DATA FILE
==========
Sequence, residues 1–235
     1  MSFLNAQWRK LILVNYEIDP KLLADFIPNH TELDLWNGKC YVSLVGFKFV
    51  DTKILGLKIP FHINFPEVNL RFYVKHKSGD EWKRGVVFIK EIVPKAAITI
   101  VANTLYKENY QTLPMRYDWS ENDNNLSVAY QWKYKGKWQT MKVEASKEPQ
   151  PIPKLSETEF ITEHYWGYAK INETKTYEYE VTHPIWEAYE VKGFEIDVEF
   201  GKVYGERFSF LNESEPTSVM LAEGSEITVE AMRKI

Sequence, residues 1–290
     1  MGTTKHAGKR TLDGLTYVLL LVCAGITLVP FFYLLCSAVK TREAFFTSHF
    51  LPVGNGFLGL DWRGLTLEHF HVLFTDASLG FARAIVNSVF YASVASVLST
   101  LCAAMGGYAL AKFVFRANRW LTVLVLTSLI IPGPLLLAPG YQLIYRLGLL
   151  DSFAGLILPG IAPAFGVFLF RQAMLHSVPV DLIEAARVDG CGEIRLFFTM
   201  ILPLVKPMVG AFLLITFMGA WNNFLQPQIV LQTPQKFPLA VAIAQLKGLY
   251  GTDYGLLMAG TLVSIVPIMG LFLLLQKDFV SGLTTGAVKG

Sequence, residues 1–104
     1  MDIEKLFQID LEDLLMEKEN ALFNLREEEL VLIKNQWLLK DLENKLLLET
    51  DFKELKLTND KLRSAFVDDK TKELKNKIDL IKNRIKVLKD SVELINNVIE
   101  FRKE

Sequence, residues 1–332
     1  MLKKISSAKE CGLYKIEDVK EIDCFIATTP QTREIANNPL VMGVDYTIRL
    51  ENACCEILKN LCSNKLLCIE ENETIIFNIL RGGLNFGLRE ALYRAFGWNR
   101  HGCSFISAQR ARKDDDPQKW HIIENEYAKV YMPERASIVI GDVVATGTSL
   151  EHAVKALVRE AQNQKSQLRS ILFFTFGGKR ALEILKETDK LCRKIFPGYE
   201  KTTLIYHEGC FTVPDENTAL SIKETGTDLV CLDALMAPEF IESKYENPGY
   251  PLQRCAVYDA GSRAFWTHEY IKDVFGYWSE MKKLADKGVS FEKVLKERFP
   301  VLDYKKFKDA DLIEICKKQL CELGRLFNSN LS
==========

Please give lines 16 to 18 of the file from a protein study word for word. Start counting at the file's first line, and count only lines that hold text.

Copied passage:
    51  DFKELKLTND KLRSAFVDDK TKELKNKIDL IKNRIKVLKD SVELINNVIE
   101  FRKE

Sequence, residues 1–332